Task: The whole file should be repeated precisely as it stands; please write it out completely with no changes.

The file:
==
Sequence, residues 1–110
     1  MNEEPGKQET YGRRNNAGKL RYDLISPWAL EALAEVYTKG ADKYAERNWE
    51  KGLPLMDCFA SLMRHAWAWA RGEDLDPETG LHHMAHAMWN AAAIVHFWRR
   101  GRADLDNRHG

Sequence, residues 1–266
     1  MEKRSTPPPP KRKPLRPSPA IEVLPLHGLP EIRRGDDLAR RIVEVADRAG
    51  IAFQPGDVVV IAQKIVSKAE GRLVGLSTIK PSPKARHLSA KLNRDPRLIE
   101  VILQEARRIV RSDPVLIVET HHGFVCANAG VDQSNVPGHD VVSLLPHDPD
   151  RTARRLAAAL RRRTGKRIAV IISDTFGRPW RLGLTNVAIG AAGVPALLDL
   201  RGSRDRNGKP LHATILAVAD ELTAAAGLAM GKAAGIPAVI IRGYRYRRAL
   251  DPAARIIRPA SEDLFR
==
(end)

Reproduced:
Sequence, residues 1–110
     1  MNEEPGKQET YGRRNNAGKL RYDLISPWAL EALAEVYTKG ADKYAERNWE
    51  KGLPLMDCFA SLMRHAWAWA RGEDLDPETG LHHMAHAMWN AAAIVHFWRR
   101  GRADLDNRHG

Sequence, residues 1–266
     1  MEKRSTPPPP KRKPLRPSPA IEVLPLHGLP EIRRGDDLAR RIVEVADRAG
    51  IAFQPGDVVV IAQKIVSKAE GRLVGLSTIK PSPKARHLSA KLNRDPRLIE
   101  VILQEARRIV RSDPVLIVET HHGFVCANAG VDQSNVPGHD VVSLLPHDPD
   151  RTARRLAAAL RRRTGKRIAV IISDTFGRPW RLGLTNVAIG AAGVPALLDL
   201  RGSRDRNGKP LHATILAVAD ELTAAAGLAM GKAAGIPAVI IRGYRYRRAL
   251  DPAARIIRPA SEDLFR